The man in this video completely misrepresents craig's argument at the time of approximitely nine minuites into the video. What Craig is actually saying is that since energy is never quiescent, there must be an actual infinite amount of past events if the universe has always existed, and it's impossible to have an actual infinite.
edit on 13-11-2015 by Thetan because: (no reason given)



posted on Nov, 13 2015 @ 11:04 PM
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a reply to: spygeek




Do you disagree with this randy?


Stopped reading after this because I'm not allowing you
to answer my question, with the same question on
friday the 13th.



posted on Nov, 13 2015 @ 11:13 PM
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a reply to: spygeek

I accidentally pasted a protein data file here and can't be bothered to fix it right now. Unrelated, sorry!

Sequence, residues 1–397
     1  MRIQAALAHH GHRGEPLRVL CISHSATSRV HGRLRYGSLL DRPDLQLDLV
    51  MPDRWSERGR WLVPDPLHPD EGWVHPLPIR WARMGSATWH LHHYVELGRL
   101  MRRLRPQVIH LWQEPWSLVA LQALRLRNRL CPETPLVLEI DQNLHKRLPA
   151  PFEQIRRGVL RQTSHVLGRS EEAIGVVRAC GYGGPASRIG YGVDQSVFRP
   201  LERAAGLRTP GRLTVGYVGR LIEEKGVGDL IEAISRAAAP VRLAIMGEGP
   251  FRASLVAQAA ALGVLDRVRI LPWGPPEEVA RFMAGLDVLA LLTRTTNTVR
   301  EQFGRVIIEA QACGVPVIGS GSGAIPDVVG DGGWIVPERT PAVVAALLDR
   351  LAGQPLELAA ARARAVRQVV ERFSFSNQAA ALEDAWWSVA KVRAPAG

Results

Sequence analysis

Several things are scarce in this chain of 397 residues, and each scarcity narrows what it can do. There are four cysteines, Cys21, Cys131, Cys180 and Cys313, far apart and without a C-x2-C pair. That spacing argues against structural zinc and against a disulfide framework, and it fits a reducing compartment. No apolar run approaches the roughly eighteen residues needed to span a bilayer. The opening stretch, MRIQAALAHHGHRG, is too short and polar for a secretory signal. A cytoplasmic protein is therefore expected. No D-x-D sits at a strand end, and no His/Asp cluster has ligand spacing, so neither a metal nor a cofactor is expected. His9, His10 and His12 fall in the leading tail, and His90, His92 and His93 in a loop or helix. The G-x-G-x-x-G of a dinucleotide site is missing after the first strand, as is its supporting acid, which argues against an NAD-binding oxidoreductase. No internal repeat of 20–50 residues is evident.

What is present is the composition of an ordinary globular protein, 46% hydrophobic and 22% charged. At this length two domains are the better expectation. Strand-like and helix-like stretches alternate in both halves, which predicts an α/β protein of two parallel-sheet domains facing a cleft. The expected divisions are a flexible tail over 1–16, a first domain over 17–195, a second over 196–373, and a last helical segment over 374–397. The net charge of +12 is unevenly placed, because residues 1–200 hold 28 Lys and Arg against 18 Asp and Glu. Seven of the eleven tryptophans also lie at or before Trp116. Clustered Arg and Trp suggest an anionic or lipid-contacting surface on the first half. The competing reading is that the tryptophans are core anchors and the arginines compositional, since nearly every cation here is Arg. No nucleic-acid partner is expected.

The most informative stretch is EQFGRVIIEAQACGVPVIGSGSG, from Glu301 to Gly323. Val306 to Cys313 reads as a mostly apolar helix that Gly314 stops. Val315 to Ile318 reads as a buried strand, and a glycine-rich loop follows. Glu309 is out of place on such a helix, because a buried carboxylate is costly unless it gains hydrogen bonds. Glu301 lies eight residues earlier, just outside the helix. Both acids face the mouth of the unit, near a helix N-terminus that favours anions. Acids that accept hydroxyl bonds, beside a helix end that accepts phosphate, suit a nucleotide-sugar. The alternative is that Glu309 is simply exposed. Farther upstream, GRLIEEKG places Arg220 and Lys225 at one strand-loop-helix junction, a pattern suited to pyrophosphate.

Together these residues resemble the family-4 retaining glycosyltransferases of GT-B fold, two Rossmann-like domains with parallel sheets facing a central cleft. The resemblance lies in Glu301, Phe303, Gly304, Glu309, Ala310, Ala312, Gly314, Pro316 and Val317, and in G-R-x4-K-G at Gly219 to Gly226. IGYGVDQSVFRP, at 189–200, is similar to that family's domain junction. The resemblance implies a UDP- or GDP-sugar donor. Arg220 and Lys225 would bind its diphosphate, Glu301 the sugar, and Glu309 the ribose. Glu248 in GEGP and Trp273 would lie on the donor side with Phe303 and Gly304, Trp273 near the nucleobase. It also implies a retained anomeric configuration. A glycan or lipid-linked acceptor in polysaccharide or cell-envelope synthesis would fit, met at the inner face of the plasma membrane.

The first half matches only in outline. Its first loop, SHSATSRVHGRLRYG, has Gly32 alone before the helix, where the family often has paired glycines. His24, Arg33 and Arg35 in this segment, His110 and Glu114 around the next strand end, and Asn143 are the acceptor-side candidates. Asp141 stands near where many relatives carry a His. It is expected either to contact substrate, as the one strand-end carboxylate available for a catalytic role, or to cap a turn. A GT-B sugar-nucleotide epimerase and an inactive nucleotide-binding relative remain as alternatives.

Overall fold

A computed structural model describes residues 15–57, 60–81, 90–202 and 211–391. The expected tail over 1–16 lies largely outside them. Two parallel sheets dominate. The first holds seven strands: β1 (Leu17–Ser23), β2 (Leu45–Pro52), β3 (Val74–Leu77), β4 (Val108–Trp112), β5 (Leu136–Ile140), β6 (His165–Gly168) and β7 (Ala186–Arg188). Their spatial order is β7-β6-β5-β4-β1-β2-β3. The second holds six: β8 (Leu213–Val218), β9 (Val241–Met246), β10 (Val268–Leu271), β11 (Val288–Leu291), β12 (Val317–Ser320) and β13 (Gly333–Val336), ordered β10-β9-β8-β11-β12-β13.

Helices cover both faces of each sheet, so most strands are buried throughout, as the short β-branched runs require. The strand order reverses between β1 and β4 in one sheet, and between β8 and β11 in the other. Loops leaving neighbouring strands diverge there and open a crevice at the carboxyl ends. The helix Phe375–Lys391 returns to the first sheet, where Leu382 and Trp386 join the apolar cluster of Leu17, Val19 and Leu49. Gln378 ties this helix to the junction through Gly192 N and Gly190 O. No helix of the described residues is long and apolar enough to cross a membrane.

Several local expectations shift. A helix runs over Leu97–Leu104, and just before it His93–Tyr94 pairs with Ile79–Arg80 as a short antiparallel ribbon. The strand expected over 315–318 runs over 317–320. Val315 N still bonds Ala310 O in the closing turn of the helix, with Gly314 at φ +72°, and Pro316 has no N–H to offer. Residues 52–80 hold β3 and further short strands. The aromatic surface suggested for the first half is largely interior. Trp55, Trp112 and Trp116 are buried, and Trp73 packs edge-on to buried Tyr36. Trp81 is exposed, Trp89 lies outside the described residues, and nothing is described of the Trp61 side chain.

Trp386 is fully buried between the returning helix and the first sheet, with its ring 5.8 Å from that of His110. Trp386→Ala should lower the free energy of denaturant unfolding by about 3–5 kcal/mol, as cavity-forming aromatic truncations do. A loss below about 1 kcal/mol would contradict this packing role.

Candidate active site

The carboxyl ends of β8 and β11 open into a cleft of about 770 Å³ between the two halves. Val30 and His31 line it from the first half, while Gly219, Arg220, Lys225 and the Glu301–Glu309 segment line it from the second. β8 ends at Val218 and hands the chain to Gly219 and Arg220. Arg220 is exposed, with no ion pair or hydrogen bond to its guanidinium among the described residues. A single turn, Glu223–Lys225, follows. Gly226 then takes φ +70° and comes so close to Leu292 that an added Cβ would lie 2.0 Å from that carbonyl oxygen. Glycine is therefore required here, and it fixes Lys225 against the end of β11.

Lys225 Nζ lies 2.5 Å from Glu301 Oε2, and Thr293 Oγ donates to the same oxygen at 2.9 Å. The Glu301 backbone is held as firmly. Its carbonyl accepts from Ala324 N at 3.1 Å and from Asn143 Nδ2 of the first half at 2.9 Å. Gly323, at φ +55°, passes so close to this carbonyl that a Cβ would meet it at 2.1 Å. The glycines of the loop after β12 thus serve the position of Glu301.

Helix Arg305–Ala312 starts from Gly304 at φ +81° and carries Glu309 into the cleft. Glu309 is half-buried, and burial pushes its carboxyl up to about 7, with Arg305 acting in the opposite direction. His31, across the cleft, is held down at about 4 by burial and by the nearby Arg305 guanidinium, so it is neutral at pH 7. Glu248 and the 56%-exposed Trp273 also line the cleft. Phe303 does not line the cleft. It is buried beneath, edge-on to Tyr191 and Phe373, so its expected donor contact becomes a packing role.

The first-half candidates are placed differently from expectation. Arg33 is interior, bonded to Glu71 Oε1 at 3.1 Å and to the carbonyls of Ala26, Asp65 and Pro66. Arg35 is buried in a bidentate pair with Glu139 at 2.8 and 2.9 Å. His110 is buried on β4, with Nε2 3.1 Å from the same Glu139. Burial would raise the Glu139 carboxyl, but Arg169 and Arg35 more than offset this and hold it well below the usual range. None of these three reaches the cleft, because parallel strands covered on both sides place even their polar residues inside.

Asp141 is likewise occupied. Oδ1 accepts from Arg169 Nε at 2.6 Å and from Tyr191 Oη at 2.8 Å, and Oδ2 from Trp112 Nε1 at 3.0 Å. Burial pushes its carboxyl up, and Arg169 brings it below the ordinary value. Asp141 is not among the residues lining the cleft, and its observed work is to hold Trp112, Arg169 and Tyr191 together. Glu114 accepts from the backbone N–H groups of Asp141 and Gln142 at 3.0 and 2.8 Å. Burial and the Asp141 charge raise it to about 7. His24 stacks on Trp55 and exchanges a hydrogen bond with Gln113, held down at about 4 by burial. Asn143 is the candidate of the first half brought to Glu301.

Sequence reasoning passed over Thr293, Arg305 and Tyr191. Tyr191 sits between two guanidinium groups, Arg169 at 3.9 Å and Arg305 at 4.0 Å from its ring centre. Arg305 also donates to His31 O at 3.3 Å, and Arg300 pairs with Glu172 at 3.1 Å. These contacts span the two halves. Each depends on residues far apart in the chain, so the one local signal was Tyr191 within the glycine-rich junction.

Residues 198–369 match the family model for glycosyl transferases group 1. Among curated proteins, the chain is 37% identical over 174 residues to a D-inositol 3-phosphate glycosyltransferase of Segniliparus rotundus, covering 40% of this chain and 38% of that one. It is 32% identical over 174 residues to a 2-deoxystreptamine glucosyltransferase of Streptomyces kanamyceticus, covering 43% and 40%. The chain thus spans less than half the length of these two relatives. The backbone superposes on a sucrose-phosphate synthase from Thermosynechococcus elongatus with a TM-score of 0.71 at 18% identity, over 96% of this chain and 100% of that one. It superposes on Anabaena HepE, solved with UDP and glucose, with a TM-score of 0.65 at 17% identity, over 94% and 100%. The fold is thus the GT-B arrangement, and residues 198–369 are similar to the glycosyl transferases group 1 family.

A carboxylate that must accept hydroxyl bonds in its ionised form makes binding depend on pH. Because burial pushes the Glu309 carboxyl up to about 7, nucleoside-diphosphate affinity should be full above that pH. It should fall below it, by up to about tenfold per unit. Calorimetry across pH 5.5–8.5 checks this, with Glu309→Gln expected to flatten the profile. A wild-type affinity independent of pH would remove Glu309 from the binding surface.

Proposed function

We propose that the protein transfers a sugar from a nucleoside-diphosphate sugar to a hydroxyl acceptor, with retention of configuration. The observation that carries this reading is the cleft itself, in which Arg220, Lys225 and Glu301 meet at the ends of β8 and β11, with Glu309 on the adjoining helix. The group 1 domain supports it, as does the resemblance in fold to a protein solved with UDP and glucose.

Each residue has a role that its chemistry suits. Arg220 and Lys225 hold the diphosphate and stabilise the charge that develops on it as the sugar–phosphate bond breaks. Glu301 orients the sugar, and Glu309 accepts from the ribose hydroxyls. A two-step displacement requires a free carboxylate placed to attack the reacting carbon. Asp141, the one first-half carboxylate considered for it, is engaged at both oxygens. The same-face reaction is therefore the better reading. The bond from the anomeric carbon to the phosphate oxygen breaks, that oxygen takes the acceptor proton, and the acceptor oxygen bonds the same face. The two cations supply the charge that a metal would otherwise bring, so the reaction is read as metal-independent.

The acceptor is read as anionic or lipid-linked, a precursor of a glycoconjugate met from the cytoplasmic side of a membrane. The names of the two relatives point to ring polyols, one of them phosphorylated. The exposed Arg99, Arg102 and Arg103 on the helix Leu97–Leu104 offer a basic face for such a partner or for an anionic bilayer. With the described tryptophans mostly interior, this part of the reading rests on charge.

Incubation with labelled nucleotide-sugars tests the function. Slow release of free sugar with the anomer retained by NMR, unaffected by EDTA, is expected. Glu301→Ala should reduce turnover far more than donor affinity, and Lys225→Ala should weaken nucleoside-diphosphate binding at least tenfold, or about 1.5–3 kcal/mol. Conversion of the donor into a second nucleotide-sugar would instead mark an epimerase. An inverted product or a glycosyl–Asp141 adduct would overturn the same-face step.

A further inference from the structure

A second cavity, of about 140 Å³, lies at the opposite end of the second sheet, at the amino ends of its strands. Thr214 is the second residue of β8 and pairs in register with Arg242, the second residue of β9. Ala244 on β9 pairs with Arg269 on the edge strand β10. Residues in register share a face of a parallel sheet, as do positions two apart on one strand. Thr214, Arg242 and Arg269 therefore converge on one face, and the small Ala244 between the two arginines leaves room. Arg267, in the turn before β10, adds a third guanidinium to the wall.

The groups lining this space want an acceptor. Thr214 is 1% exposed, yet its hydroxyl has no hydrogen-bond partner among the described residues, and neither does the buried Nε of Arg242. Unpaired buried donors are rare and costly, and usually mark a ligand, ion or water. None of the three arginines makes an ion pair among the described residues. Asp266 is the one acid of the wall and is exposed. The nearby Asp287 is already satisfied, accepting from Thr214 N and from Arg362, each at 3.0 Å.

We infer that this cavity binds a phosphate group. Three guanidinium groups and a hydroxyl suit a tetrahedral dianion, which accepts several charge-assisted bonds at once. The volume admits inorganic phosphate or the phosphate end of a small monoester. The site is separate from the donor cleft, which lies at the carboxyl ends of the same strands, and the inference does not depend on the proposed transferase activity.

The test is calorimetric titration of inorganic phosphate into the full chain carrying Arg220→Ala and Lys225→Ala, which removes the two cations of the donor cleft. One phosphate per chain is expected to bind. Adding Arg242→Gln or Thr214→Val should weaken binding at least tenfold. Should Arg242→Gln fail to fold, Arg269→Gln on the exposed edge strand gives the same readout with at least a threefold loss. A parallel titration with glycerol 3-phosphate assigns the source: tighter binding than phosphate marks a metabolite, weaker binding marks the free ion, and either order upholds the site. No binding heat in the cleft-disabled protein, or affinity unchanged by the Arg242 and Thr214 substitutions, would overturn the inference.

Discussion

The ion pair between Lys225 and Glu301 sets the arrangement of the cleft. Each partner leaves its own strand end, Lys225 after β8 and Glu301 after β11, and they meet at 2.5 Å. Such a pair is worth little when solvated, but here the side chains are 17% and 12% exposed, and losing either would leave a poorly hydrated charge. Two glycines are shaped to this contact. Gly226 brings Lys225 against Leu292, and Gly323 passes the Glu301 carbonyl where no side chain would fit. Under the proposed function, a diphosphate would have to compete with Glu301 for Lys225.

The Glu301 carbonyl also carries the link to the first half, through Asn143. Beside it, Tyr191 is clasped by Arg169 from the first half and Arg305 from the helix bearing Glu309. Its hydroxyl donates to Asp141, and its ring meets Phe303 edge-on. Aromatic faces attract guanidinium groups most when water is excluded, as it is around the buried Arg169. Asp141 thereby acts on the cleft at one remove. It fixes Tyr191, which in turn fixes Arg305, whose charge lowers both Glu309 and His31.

I'll not be arguing the existence of any god here. Now lets take a look at your rebuttals.

Rebuttal to premise one- Surely, what you mean to say is, "There seem to be examples of things happening without a cause." Is this an accepted fact? Not at all, I direct you to David Bohm's interpretation. Furthermore, doesn't it seem more probable that we just simply don't have instruments to measure particles that small correctly yet? Besides, as people debating about this before us have said. Extrapolating that there are no causes for these things just because we haven't found any yet , decisevely, is like extrapolating that due to our inability to detect alien life, there is no alien life in the universe. I'll leave you with a quote by John Jefferson Davis.